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Trump welcomes American detainees freed from North Korea

"They've been through a lot," the president said on the tarmac at Joint Base Andrews in Maryland overnight.
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The three Americans freed from North Korean labor camps waved and smiled as they were greeted by President Donald Trump at a military base near Washington early Thursday.

Kim Hak-song, Kim Dong-chul and Kim Sang-duk, who is also known as Tony Kim, were granted amnesty by North Korean leader Kim Jong Un after spending up to two years in detention accused of crimes against the regime.

"It is like a dream. We are very, very happy," Kim Dong-chul told reporters through a translator after arriving back in the U.S.

Trump expressed gratitude to the North Korean dictator and said he was optimistic about their planned talks.

"We want to thank Kim Jong Un," the president said. "I really think he wants to do something ... and bring his country into the real world. I really think we have a very good chance of doing something very meaningful."

The plane carrying the three American citizens of Korean descent touched down at Joint Base Andrews in Maryland at 2:42 a.m. ET, more than 20 hours after they were handed over to U.S. officials at a hotel in Pyongyang.

The trio was accompanied by Secretary of State Mike Pompeo, who had been visiting North Korea to finalize a place and time for historic face-to-face talks between Trump and Kim Jong Un.

Alongside first lady Melania Trump, the president walked up the steps of the plane to shake hands with the former detainees before they were taken to the Walter Reed Medical Center to be examined.

Trump told reporters it was "a special night for these three really great people," adding, "They've been through a lot."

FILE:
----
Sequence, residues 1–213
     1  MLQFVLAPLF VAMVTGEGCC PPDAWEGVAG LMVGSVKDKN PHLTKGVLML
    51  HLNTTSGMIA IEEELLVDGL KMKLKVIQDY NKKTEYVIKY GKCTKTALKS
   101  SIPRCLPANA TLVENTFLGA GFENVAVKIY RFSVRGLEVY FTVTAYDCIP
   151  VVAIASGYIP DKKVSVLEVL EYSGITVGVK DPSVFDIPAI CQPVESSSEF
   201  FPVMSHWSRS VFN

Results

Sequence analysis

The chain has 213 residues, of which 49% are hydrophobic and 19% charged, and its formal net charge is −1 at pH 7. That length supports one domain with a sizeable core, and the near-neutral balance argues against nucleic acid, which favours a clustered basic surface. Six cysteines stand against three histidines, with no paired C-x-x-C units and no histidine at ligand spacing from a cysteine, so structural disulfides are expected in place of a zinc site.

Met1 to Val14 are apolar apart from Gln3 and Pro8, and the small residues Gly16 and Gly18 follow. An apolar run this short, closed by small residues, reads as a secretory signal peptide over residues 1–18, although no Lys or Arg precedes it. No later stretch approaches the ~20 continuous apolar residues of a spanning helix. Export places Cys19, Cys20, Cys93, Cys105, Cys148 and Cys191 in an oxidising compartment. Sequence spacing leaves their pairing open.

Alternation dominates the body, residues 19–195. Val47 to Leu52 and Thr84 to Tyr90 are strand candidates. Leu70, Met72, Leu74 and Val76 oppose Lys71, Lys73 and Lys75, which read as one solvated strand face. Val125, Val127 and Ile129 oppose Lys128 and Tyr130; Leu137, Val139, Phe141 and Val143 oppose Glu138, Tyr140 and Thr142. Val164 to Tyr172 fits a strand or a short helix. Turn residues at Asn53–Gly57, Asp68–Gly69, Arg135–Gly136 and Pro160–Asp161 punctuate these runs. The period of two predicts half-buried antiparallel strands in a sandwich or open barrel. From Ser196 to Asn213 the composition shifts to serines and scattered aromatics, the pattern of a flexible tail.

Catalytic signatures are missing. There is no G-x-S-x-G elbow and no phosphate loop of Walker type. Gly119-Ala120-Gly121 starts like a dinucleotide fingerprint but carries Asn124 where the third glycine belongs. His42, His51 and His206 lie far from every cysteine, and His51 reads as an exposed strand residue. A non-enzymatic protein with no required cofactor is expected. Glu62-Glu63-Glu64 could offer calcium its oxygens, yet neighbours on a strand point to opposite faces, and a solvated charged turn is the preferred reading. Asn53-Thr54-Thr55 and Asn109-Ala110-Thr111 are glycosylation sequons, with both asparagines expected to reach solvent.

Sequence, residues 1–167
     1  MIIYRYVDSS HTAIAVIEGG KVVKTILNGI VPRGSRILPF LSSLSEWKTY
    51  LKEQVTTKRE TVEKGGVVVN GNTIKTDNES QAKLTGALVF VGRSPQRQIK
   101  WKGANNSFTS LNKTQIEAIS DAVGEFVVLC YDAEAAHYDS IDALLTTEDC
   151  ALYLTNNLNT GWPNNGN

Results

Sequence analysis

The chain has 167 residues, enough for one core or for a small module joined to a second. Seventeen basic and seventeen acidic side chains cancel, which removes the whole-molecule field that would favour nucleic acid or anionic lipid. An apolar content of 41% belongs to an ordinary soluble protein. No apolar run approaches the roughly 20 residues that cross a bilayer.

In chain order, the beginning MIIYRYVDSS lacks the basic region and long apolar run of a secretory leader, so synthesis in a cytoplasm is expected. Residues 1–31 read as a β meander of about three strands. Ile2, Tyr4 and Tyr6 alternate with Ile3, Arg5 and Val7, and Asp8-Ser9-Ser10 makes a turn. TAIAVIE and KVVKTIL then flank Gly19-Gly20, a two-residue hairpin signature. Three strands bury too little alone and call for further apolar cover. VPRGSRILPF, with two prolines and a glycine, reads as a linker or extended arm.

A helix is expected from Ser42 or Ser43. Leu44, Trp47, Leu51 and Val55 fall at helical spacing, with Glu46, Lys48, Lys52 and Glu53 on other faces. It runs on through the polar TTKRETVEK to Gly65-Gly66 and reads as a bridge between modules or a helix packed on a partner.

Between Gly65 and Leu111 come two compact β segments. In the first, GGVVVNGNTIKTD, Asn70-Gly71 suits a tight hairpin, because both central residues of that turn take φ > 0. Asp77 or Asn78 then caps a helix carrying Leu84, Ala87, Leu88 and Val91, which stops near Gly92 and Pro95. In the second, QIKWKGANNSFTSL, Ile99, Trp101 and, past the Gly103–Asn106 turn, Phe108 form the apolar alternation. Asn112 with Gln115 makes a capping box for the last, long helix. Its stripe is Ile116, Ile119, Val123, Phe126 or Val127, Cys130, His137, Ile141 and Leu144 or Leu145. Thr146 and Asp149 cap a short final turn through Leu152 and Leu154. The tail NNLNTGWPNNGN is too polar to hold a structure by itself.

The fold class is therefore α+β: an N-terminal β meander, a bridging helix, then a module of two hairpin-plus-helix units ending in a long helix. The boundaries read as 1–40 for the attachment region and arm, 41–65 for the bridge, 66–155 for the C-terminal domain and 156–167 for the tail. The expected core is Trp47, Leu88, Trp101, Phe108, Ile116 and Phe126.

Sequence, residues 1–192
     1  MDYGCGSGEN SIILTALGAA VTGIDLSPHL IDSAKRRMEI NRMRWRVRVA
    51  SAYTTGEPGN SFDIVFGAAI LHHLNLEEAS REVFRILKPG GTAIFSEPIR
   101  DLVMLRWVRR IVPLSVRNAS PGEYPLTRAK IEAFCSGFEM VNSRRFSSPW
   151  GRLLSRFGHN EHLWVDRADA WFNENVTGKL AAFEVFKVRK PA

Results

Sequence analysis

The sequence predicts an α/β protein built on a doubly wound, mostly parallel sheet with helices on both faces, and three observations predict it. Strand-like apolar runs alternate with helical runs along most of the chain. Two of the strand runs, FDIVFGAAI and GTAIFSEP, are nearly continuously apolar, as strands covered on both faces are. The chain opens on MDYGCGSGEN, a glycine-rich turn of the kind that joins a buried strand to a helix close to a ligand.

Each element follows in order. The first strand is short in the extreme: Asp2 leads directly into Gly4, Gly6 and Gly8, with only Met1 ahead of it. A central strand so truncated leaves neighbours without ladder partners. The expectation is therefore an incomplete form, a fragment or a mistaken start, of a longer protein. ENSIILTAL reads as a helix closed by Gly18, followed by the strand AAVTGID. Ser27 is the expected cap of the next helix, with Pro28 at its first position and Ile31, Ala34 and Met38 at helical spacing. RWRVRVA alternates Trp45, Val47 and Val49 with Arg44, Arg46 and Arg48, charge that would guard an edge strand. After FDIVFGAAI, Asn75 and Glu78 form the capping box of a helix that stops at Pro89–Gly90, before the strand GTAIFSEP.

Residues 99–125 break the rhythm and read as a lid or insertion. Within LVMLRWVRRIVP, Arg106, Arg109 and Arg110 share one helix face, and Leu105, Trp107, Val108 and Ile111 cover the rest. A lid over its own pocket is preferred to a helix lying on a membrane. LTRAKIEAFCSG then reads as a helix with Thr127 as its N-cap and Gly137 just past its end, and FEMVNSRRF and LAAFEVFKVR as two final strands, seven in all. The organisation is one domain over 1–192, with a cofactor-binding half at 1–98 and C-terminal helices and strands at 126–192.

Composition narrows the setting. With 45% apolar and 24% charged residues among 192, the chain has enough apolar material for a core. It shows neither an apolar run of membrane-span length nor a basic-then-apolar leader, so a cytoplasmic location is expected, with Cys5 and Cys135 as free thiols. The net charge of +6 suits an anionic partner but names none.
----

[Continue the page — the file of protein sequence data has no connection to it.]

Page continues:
The president also paid tribute to Otto Warmbier — the 22-year-old University of Virginia student who died after being released from a North Korean labor camp last year — and said his proudest moment would come only "when we denuclearize that entire [Korean] Peninsula."

Tony Kim, 59, was detained at Pyongyang airport in April 2017 as he was preparing to leave the country. The accounting professor had been working at the Pyongyang University of Science and Technology, an institution privately funded by Christian groups in the West. His return means he will be home for the birth of his first grandchild over the summer.

Kim Hak-song, who was also working at the science and technology university, was held in May 2017 for "hostile acts against the republic." Kim was doing agricultural development work unrelated to the university, the institution said.

The longest held was Kim Dong-chul, who was sentenced to 10 years in prison with hard labor in April 2016 for espionage and subversion. Paraded before cameras ahead of his trial, he said he had spied for South Korean intelligence authorities in a plot to bring down the North’s leadership and had tried to spread religion among North Koreans. However, South Korea's National Intelligence Service said the case wasn’t related to the agency in any way.

Image: Kim Dong-chul in 2016
Kim Dong-chul addresses a news conference in Pyongyang, North Korea, in 2016.KCNA via KNS / AFP - Getty Images

In a statement Wednesday, Tony Kim's family said, "We are very grateful."

A North Korean official came to Pyongyang's Koryo Hotel at 7 p.m. local time Wednesday (6 a.m. ET) to say Kim Jong Un had granted the three detainees amnesty. Pompeo was told that he should make sure they "do not make the same mistakes again," according to a U.S. official who was present.

The proposed meeting between Kim Jong Un and Trump come after punishing sanctions leveled against North Korea in response to its missile and nuclear tests.

Last month, Kim Jong Un said that his country would suspend nuclear and missile tests, stating further ones were unnecessary.

He also met South Korean President Moon Jae-in met at a historic summit in late April.

The White House has credited its campaign of "maximum pressure" for creating an atmosphere for dialogue with North Korea.

North Korean state media KCNA said Thursday, "Such nonsense is a sophistry that can be made only by those with the Cold War way of thinking."